PwC The Bahamas: About Us: Geography & History

Geography

The Bahamas is an archipelago comprised of approximately 700 islands, rocks and cays spanning about 100,000 square miles (260,000 square kilometers), located only 50 miles south of the Florida coast. The estimated land area is about 5382 square miles and is surrounded by some of the clearest, most pristine waters in the world.

The country’s capital city, Nassau, is located on the island of New Providence situated about 190 miles (306 kilometers) from Miami, Florida. Even though it is one of the smaller islands at only 21 by 7 miles, approximately two thirds of the country’s population resides on New Providence. The second largest city is Freeport and is located on the island of Grand Bahama, approximately 60 miles (97 kilometers) from Miami, Florida.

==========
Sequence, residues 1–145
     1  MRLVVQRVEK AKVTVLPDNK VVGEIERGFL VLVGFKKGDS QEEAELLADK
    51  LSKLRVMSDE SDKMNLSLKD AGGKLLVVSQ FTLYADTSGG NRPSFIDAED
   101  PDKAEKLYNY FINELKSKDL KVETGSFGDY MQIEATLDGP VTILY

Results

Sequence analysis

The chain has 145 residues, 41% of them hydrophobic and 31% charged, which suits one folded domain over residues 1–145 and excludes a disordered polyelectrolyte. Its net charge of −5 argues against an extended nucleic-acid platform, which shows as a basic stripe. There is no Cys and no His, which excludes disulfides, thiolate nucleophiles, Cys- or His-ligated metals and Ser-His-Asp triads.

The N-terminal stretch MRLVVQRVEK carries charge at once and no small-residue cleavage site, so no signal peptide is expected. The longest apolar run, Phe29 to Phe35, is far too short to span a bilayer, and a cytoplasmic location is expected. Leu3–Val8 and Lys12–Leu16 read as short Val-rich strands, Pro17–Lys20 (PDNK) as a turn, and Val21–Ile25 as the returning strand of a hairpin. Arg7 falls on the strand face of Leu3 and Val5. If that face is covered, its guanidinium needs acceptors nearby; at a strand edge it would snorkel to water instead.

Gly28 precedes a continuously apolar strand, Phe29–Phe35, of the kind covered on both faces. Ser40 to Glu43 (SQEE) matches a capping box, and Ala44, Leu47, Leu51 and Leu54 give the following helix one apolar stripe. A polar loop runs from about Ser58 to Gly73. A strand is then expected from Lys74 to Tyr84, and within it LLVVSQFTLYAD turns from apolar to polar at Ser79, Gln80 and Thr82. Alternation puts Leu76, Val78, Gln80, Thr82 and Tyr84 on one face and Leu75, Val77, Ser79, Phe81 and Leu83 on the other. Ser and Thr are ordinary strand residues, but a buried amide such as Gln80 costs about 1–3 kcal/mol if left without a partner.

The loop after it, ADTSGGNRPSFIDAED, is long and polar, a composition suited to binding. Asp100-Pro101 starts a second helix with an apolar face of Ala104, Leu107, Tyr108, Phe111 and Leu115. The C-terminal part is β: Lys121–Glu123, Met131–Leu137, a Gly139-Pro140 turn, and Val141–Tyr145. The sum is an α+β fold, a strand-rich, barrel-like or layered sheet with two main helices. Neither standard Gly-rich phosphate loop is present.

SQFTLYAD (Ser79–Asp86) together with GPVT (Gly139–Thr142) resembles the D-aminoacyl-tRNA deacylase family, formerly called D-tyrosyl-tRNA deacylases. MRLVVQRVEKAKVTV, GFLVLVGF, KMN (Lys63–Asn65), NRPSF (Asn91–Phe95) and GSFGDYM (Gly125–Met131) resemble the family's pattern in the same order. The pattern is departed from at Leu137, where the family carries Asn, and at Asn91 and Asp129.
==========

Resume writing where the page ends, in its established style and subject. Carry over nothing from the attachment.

Typically low lying, the islands are composed mainly of limestone islands and the highest point in The Bahamas is Mt. Alvernia located on Cat Island which is 206 feet above sea level. The country is home to the third longest barrier reef in the world.

History

Christopher Columbus first made landfall in The Bahamas on October 12, 1492 during his first voyage to the Western hemisphere on the island of San Salvador, then called Guanahani. The original inhabitants of the islands were the Arawaks, native Indians who later disappeared from entry into slavery or exposure to European diseases.

Over time, the control of the islands passed from Spanish to British rule, with the first permanent settlement being established in 1647 by a group of British pilgrims referred to as the Eleutheran Adventurers. The country remained as a crown colony of the United Kingdom until 1964 when Britain granted the country limited self-government. The islands of The Bahamas became a Commonwealth nation in the year 1969 and after 325 years of British rule, the country gained its independence on July 10, 1973 becoming a free and sovereign nation.

As a result of the country’s proximity to the United States, various events in US history, such as the Civil War and Prohibition, also played an important role in the development of these islands.